Heroin is a highly addictive drug and is the most rapidly acting of the opiates. Heroin is processed from morphine, extracted from the seed pod of certain varieties of poppy plants.
Most illicit heroin is a powder varying in color from white to dark brown. It is injected and brings with it high risk of infection, including HIV and Hepatitis C.
The short-term effects of heroin abuse appear soon after taking the drug. After the initial feeling, the user experiences an alternately wakeful and drowsy state. Due to the depression of the central nervous system, mental functioning becomes clouded. Additionally, breathing may be slowed to the point of respiratory failure.
After repeatedly using heroin for a period of time, the long-term effects of the substance begin to appear in the user. Chronic users may develop collapsed veins, infection of the heart lining and valves, abscesses, and liver disease. Additionally, pulmonary complications, including various types of pneumonia, may also result in the user.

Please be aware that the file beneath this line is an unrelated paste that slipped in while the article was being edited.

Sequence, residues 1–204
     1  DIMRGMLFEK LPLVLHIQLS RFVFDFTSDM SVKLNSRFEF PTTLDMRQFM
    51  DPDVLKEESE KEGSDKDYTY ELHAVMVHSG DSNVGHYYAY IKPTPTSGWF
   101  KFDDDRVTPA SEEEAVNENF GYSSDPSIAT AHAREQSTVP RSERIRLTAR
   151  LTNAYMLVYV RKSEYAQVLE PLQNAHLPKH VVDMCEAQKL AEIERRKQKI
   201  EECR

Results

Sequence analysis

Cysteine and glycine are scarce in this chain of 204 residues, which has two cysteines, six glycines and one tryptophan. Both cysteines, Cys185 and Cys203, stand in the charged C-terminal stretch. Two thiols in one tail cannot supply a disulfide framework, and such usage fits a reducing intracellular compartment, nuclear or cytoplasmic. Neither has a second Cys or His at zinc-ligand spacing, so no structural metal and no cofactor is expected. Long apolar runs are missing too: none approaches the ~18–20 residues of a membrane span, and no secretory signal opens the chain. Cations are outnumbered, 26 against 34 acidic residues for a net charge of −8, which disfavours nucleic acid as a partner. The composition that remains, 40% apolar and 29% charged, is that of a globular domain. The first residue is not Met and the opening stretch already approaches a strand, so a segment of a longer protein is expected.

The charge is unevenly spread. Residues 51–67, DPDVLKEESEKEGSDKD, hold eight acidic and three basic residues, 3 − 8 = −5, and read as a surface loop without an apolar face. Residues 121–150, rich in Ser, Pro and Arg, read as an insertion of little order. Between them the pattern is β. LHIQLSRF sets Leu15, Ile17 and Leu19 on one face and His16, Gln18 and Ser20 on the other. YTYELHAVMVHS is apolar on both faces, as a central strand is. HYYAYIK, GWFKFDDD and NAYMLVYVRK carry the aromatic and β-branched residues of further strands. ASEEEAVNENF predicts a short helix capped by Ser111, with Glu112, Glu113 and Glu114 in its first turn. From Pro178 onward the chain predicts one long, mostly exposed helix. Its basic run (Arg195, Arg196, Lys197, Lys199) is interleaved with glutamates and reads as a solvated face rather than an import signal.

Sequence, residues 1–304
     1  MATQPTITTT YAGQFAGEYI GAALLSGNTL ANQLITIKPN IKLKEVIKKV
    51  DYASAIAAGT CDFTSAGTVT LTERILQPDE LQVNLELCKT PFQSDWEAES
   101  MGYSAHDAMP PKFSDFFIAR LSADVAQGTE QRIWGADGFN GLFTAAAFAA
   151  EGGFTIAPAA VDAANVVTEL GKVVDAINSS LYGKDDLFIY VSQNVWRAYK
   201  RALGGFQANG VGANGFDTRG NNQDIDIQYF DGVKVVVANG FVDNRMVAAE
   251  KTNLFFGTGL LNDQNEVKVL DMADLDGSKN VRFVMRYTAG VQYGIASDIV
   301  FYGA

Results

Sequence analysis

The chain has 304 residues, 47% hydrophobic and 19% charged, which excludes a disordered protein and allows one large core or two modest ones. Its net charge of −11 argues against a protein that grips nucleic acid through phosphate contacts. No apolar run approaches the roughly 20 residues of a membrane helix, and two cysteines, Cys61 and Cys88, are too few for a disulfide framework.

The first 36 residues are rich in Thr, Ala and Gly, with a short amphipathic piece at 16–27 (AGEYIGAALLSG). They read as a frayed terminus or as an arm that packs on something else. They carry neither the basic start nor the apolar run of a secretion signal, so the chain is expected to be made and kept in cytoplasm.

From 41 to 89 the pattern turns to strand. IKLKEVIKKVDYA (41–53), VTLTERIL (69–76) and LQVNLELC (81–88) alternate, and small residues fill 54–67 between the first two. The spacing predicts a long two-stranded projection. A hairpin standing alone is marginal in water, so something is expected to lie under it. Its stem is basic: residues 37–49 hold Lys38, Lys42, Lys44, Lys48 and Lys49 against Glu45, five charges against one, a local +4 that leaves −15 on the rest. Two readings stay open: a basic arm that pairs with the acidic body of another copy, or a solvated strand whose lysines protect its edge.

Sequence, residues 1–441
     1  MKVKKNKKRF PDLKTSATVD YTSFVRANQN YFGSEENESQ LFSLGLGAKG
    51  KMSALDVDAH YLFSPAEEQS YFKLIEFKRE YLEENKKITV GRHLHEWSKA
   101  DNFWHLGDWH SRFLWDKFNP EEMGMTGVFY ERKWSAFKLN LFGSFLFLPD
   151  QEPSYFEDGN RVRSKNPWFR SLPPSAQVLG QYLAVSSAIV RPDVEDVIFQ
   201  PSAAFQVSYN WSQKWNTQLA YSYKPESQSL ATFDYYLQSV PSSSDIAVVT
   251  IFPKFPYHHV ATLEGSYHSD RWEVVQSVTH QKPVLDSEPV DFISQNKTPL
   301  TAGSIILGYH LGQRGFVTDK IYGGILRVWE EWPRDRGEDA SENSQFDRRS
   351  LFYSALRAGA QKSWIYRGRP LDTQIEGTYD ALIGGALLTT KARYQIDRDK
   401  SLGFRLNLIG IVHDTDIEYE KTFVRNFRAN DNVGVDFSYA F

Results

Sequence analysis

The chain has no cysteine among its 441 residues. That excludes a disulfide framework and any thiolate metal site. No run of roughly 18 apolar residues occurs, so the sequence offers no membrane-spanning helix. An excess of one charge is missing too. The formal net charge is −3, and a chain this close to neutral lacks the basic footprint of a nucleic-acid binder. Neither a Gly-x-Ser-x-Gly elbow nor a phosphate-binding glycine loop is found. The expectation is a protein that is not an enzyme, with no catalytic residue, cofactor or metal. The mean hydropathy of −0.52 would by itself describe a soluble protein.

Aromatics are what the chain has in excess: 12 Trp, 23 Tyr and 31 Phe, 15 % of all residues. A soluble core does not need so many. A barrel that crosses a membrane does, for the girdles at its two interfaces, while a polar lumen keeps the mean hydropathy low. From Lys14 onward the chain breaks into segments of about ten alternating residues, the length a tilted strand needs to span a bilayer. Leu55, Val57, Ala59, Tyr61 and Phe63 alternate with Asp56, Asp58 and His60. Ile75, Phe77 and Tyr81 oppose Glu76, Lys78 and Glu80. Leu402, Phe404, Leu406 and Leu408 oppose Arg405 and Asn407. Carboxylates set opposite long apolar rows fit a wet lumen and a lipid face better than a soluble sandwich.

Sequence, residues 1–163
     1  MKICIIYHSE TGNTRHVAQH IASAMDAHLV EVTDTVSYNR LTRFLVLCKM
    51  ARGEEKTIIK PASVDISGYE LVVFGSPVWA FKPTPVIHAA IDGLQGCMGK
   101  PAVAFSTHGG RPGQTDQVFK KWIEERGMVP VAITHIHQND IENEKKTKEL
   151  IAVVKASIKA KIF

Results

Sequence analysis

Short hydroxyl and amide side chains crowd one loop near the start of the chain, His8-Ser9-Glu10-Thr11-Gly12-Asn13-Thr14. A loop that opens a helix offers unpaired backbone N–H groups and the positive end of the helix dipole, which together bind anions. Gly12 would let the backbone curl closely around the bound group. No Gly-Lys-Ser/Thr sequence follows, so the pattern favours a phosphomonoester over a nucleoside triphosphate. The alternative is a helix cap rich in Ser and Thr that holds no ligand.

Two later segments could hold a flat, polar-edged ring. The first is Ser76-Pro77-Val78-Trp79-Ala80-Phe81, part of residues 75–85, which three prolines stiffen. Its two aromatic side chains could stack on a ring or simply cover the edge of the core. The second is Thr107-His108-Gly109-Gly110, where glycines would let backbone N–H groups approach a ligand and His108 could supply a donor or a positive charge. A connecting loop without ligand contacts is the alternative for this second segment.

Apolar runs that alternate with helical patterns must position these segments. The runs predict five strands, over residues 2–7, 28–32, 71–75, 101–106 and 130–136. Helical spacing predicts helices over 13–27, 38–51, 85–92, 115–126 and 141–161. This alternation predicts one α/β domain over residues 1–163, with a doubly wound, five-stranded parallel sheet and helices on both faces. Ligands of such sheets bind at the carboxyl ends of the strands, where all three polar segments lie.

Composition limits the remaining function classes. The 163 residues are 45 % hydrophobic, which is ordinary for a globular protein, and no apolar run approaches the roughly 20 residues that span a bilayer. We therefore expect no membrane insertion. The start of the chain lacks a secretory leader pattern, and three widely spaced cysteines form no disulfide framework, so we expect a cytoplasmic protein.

One of the most significant effects of heroin use is addiction. With regular heroin use, tolerance to the drug develops. Once this happens, the abuser must use more heroin to achieve the same intensity or effect that they are seeking. As higher doses of the drug are used over time, physical dependence and addiction to the drug develop.
Within a few hours after the last administration of heroin, withdrawal may occur. This withdrawal produces effects such as drug craving, restlessness, muscle and bone pain, and vomiting. Major withdrawal symptoms peak between 48 and 72 hours after the last dose and subside after about a week. In addition to the effects of the drug itself, users who inject heroin also put themselves at risk for contracting HIV, hepatitis C (HCV), and other infectious diseases.